I think God loves a good surprise as much as anyone, and it can be a fun way of revealing His plan for us. I am still amused when I think of how God used my husband’s attempt to get a date with me as a means to bring him into the Church. God is truly a God of wonderful surprises (even the wonderfully scary ones He sometimes sends). Yes, indeed, let’s open our hearts to God’s surprises, because God knows the wonderful places they might take us.

How has God surprised you?

Enter for your chance to win a copy of The Church of Mercy and be one of the first to read Pope Francis’s book!

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April 8, 2014

Jesus faced his suffering with resolve. That’s the message this week in our Ignatian Workout for Lent. Listen to Tim Muldoon’s reflection below. If you’d like, share some of your own reflections in the comments.

Prayer

Lord, you know my fears and you yourself knew what it was to be afraid in the face of suffering. Send me the consolation of your Holy Spirit, so that I, too, can face my fears with resolve, knowing that I seek only to do what you ask. Grant me your grace even in those times when I cannot feel you near, and when I walk blindly in the hope that what I do is right.

Action

Identify a goal in your life that has been on the “to do” list but which, perhaps out of fear or some other kind of resistance, you’ve been avoiding. Resolve to face it with courage. Do it today.

If you’re receiving this via e-mail, click through to listen to Tim’s audio reflection for the Fifth Week of Lent. Learn more about the book that inspired this retreat.

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April 7, 2014

Arts & Faith: Lent logoEach week of Lent, we’ll provide an Ignatian prayer for you, inspired by a video from Arts & Faith: Lent. The video and prayer for the Fifth Week of Lent, Cycle A, are based on John 11:1–45.

“Jesus wept.”

—John 11:35

Preparation

As you begin this time of quiet prayer, I invite you to find a comfortable place to sit with your back straight and your legs planted on the ground. Take a few moments to breathe in and breathe out.

Spend this time centering yourself to listen to what God may be saying to you during this time of prayer, to listen to what rises up in your heart. Close your eyes for a few moments. As you sit with your eyes closed, use these or similar words: “Here I am, Lord. Here I am.” When you are ready, open your eyes and pray.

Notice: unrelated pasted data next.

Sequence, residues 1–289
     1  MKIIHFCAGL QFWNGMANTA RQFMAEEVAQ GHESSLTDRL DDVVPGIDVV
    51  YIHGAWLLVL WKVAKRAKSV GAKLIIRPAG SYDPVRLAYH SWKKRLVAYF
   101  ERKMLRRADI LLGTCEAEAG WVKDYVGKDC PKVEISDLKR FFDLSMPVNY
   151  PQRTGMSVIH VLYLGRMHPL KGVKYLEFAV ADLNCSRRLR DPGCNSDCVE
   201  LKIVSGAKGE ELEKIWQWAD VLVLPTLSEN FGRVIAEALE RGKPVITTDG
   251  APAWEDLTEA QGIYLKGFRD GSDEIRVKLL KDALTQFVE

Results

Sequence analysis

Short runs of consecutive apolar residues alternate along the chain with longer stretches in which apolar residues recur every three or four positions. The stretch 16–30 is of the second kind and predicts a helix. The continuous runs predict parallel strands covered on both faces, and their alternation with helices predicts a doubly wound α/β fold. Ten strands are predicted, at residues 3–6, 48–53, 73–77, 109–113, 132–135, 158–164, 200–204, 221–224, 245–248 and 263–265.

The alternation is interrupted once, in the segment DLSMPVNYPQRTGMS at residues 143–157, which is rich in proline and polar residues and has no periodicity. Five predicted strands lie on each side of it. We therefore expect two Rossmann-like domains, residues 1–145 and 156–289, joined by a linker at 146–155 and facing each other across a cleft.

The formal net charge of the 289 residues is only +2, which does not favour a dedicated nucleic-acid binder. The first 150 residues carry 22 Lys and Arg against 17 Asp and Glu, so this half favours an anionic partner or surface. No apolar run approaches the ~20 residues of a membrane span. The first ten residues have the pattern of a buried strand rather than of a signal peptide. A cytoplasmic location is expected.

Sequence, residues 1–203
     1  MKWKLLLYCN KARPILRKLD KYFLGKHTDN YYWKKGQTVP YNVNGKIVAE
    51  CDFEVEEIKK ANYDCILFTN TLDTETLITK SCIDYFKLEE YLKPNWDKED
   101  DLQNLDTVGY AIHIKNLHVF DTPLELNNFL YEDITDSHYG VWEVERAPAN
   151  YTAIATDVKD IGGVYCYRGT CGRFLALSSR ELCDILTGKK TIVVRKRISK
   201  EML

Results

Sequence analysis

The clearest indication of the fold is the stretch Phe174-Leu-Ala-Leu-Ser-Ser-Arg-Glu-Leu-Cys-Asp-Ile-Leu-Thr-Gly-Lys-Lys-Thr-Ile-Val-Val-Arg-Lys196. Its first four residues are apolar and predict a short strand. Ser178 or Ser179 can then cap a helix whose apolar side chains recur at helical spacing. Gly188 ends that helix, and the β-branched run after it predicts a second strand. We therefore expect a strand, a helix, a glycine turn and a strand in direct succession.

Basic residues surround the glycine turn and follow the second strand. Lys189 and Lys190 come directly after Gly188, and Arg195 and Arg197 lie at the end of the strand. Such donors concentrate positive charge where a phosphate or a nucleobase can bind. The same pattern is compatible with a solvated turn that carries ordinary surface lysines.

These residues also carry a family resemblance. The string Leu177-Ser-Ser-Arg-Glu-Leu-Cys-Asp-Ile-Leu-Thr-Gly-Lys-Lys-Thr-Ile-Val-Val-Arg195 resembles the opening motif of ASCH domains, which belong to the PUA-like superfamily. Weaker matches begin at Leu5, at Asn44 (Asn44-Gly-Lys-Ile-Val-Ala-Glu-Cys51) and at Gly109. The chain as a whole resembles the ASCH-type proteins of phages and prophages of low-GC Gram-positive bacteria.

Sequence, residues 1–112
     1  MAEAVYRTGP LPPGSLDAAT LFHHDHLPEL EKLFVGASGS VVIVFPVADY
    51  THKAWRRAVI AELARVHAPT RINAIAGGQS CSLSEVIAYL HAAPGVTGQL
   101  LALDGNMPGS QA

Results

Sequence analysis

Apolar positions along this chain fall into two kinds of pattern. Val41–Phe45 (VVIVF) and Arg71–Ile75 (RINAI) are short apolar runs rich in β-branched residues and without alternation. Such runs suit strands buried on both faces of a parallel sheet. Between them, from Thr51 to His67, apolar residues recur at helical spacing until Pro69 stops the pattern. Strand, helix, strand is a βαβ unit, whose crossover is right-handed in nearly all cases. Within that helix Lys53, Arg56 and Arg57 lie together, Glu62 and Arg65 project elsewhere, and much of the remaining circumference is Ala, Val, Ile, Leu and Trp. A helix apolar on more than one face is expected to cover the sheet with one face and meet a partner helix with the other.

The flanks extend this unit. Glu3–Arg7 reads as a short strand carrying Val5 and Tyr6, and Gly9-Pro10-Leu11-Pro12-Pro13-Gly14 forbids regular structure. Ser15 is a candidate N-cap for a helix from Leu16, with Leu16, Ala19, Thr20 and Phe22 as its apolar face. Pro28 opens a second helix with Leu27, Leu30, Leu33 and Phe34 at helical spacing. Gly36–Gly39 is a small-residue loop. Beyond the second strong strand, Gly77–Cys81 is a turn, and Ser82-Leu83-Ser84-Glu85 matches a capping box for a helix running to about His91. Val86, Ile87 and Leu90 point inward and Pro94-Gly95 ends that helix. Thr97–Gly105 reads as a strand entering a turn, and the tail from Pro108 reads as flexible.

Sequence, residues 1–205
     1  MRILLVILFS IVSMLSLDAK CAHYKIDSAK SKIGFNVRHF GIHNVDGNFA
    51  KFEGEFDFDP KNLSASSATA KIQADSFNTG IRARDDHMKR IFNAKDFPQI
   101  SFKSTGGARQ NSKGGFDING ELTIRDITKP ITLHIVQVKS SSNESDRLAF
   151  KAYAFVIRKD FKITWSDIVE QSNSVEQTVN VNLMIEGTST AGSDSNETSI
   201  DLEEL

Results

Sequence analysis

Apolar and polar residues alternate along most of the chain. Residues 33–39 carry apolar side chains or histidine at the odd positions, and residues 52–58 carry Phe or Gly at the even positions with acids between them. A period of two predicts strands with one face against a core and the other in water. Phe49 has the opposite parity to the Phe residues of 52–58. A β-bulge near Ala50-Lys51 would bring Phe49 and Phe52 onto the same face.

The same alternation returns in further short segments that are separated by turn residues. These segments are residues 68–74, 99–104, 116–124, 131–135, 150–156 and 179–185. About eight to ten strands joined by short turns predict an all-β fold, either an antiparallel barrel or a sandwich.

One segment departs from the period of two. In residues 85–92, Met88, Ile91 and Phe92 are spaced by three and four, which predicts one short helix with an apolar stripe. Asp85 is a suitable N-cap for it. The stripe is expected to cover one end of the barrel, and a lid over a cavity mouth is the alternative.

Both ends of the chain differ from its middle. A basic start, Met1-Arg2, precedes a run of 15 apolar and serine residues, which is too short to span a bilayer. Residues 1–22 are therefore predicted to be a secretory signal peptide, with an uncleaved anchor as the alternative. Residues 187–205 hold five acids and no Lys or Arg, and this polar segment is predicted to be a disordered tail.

Jesus Weeps

Imagine you are walking on a small and narrow path through a forest. There are trees and plants on each side of the path. You stop and look up, but you can barely see the sky through the tree limbs heavy with leaves. There is the sound of crows squawking, but you cannot see them. You are walking because you needed time alone, time to think about what is next in your life. You feel like there is something you are supposed to be doing, but you cannot figure it out. If I give myself some time alone, you think, maybe I will begin to understand what’s next.

You are looking down at the narrow path so that you can see the rocks and roots on the path and not trip. As you walk, you hear a sound that makes you stop. You look around, but it’s hard to see through all the foliage. You continue on the path, but the sound gets louder. As you look ahead, you see someone sitting on a large rock under one of the trees that line the path. He is holding his head in his hands and seems to be crying. As you approach him, you realize he is not just crying, but weeping so hard that his body is shaking. He looks up at you with a tear-stained face. You see that he is Jesus. What do you say to him?

You stand there in front of Jesus, wanting to reach out but unsure how to do that. You want to comfort Jesus, but that seems so opposite to what you’ve been taught. He is the one to comfort me, you think. He stands up and says, “My friend has died, and I must go to him.” What do you say to Jesus?

Jesus starts to walk towards the path, but he turns around and beckons you to come with him. He reaches out his hand, and you take it. You walk along the path with Jesus and feel at peace. You don’t know where you are going, but you know that wherever it is, Jesus will be beside you. Jesus looks over at you and smiles a small, knowing smile. What do you want to say to Jesus? What do you want him to know about you?

Is there a decision you are wrestling with that you want to bring to Jesus?
How would you comfort Jesus as he weeps for his friend?

Concluding Prayer

Glory be to the Father,
and to the Son,
and to the Holy Spirit.
As it was in the beginning,
is now, and ever shall be,
world without end.
Amen.

If you’re receiving this via e-mail, click through to watch the video Arts & Faith: Fifth Sunday of Lent.

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April 5, 2014